‘Back to school’ secular and without abaya in France: "They discriminate against Muslims"

by archynewsycom
0 comment

The concept of secularism in France -and the challenge it entails- can be well understood by looking at the list of students of the Paul Eluard Institute, in Saint-Denis, on the outskirts of Paris. Of the nearly 200 that appear inscribed in the lists visible at the entrance, there are surnames of all origins and cultures.

It’s just before nine in the morning and they form groups: girls with veils and loose clothing get together with others who are wearing jeans and tank tops or tops. Narimene adjusts her clothing before entering: the veil is removed and in its place a kind of white ribbon is placed wide over the hair. “She’s not an abaya, she’s a kimono,” she warns her over the robe that covers her body, open in front of her. “If they force me to take it off, I’m going home,” she challenges her.

the veils caen this Monday at the door of is the Institute of Saint-Denis, one of the areas of the Parisian periphery with a large part of the Muslim population. It is back to school day and everyone is paying attention to the students’ clothing, after the Government banned the abaya a few days ago, the long female tunic typical of many Muslim countries.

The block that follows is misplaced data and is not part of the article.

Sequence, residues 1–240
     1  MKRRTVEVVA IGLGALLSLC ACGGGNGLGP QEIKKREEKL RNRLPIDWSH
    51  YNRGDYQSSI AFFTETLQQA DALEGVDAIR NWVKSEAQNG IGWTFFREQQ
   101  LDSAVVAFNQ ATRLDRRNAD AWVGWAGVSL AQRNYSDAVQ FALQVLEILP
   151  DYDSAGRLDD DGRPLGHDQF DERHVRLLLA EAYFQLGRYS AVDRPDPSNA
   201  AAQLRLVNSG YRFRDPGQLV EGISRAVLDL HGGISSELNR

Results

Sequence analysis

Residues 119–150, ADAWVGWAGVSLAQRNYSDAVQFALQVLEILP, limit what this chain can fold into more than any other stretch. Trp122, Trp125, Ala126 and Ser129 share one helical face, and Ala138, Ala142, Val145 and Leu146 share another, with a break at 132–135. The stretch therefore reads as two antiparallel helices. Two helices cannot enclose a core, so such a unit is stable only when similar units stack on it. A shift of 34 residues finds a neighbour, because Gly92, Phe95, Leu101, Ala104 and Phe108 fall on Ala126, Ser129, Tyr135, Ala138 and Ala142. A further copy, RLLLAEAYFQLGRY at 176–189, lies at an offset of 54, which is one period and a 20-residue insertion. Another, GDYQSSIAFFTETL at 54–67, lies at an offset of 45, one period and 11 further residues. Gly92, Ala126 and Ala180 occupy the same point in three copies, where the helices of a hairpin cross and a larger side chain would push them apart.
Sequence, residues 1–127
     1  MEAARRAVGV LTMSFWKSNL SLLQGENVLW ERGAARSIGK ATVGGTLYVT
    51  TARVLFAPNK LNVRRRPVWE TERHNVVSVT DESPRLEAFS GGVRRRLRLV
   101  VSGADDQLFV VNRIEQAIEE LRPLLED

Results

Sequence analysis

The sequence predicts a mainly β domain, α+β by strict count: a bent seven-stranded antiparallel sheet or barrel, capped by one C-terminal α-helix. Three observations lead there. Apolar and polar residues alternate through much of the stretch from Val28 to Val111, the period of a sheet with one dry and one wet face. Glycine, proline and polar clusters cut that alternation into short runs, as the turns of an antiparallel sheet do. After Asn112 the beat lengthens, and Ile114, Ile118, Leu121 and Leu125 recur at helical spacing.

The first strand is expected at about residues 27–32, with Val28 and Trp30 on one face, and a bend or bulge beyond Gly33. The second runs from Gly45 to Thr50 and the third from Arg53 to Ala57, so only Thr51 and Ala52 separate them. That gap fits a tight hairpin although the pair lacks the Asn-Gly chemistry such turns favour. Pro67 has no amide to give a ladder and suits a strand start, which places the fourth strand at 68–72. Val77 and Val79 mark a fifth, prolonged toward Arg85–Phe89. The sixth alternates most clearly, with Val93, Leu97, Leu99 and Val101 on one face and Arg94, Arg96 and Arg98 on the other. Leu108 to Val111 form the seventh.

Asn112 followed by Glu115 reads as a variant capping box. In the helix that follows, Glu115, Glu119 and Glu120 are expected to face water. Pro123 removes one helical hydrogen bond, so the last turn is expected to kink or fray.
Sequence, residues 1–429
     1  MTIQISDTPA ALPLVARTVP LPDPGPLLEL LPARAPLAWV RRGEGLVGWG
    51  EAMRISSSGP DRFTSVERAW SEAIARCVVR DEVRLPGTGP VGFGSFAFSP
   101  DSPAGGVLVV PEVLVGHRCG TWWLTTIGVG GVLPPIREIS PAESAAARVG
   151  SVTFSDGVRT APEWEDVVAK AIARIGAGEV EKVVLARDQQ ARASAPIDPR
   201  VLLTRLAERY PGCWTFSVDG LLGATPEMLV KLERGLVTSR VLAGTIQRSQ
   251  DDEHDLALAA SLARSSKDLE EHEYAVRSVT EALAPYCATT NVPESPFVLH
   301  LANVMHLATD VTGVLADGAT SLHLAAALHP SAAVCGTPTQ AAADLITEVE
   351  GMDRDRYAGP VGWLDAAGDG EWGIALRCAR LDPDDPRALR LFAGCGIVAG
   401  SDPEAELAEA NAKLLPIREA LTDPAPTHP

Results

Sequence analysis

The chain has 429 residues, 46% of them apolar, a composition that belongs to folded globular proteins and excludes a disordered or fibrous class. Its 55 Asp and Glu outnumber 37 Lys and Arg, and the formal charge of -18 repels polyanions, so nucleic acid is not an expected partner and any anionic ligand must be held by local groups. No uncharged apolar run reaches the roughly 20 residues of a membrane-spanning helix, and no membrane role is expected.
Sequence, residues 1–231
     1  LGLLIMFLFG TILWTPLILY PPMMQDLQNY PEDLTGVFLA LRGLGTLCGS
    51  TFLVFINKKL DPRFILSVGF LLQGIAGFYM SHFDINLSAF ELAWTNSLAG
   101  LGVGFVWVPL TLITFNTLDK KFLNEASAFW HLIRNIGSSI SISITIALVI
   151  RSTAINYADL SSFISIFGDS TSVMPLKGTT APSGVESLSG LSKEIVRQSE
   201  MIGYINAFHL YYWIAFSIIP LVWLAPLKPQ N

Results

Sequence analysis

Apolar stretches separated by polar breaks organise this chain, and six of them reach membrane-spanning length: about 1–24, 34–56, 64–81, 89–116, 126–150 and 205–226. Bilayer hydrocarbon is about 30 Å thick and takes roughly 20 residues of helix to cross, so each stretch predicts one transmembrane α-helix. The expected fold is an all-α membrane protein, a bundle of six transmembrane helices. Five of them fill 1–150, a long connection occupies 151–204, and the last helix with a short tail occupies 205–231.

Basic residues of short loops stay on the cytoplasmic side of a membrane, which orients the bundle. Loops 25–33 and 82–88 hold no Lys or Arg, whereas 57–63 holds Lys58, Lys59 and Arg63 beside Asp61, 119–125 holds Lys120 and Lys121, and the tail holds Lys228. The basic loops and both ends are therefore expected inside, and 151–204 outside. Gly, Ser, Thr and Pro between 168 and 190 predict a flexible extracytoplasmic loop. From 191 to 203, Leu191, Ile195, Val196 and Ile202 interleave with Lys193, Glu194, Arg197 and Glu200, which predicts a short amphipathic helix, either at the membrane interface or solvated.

The Government considers that it is a religious sign (the Muslim Council disagrees) and, therefore, contrary to the value of secularism. This is one of the pillars of the Republic and guarantees that religion does not interfere in the functioning of the State. At school This translates, in addition to the neutrality of the teachers, in that there can be nothing in the student’s clothing that reveals their religion.

“It’s French-style secularism. For me, it’s that everyone’s religion is accepted, but here what they do is reject a large part of the French populationthose of us who are Muslims”, says Tania, 15, who is not wearing an abaya, but a closed tracksuit and a veil.

Related Posts

Leave a Comment